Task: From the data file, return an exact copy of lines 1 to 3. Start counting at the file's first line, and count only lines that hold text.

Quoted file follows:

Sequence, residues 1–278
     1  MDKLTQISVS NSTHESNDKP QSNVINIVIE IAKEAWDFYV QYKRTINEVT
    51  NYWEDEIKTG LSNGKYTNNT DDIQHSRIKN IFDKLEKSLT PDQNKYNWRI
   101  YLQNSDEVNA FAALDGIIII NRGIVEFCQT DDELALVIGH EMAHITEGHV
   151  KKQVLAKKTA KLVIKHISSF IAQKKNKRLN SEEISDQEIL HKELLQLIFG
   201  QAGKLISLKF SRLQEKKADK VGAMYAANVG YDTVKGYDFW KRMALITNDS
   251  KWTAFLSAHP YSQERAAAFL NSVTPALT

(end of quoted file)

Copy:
Sequence, residues 1–278
     1  MDKLTQISVS NSTHESNDKP QSNVINIVIE IAKEAWDFYV QYKRTINEVT
    51  NYWEDEIKTG LSNGKYTNNT DDIQHSRIKN IFDKLEKSLT PDQNKYNWRI